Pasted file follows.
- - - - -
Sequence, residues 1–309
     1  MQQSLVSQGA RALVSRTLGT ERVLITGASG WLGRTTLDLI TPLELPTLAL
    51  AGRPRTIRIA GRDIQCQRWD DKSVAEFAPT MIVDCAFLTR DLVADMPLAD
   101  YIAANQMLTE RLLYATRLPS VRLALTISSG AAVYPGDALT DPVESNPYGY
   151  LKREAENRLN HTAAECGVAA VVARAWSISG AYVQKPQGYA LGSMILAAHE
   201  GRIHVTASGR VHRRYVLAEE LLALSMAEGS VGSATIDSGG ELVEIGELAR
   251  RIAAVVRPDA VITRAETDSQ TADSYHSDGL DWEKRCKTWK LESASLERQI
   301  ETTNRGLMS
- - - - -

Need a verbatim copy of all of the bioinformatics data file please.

Sequence, residues 1–309
     1  MQQSLVSQGA RALVSRTLGT ERVLITGASG WLGRTTLDLI TPLELPTLAL
    51  AGRPRTIRIA GRDIQCQRWD DKSVAEFAPT MIVDCAFLTR DLVADMPLAD
   101  YIAANQMLTE RLLYATRLPS VRLALTISSG AAVYPGDALT DPVESNPYGY
   151  LKREAENRLN HTAAECGVAA VVARAWSISG AYVQKPQGYA LGSMILAAHE
   201  GRIHVTASGR VHRRYVLAEE LLALSMAEGS VGSATIDSGG ELVEIGELAR
   251  RIAAVVRPDA VITRAETDSQ TADSYHSDGL DWEKRCKTWK LESASLERQI
   301  ETTNRGLMS